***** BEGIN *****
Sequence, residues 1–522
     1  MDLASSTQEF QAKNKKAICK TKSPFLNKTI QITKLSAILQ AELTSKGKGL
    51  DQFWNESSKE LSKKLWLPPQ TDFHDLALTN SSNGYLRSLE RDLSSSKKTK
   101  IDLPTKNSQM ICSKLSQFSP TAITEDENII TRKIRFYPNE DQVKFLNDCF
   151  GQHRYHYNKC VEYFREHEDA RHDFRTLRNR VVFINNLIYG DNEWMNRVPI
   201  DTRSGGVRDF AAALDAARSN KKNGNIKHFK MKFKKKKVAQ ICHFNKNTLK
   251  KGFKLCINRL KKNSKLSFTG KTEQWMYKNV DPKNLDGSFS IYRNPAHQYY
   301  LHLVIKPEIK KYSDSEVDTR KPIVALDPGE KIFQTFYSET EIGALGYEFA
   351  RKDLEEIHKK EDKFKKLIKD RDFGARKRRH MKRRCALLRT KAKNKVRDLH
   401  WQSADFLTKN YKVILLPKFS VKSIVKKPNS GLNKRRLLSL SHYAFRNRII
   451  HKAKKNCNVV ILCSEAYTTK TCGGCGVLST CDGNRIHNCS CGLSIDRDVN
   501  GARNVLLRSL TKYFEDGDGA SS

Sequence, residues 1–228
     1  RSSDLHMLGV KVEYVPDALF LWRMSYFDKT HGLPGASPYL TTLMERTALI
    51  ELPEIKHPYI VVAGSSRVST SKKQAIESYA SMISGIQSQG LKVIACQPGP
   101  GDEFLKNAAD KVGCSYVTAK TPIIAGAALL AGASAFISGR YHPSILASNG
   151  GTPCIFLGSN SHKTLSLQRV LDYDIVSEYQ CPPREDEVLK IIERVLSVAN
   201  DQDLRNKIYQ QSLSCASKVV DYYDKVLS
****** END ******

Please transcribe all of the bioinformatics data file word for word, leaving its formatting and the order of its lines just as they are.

Sequence, residues 1–522
     1  MDLASSTQEF QAKNKKAICK TKSPFLNKTI QITKLSAILQ AELTSKGKGL
    51  DQFWNESSKE LSKKLWLPPQ TDFHDLALTN SSNGYLRSLE RDLSSSKKTK
   101  IDLPTKNSQM ICSKLSQFSP TAITEDENII TRKIRFYPNE DQVKFLNDCF
   151  GQHRYHYNKC VEYFREHEDA RHDFRTLRNR VVFINNLIYG DNEWMNRVPI
   201  DTRSGGVRDF AAALDAARSN KKNGNIKHFK MKFKKKKVAQ ICHFNKNTLK
   251  KGFKLCINRL KKNSKLSFTG KTEQWMYKNV DPKNLDGSFS IYRNPAHQYY
   301  LHLVIKPEIK KYSDSEVDTR KPIVALDPGE KIFQTFYSET EIGALGYEFA
   351  RKDLEEIHKK EDKFKKLIKD RDFGARKRRH MKRRCALLRT KAKNKVRDLH
   401  WQSADFLTKN YKVILLPKFS VKSIVKKPNS GLNKRRLLSL SHYAFRNRII
   451  HKAKKNCNVV ILCSEAYTTK TCGGCGVLST CDGNRIHNCS CGLSIDRDVN
   501  GARNVLLRSL TKYFEDGDGA SS

Sequence, residues 1–228
     1  RSSDLHMLGV KVEYVPDALF LWRMSYFDKT HGLPGASPYL TTLMERTALI
    51  ELPEIKHPYI VVAGSSRVST SKKQAIESYA SMISGIQSQG LKVIACQPGP
   101  GDEFLKNAAD KVGCSYVTAK TPIIAGAALL AGASAFISGR YHPSILASNG
   151  GTPCIFLGSN SHKTLSLQRV LDYDIVSEYQ CPPREDEVLK IIERVLSVAN
   201  DQDLRNKIYQ QSLSCASKVV DYYDKVLS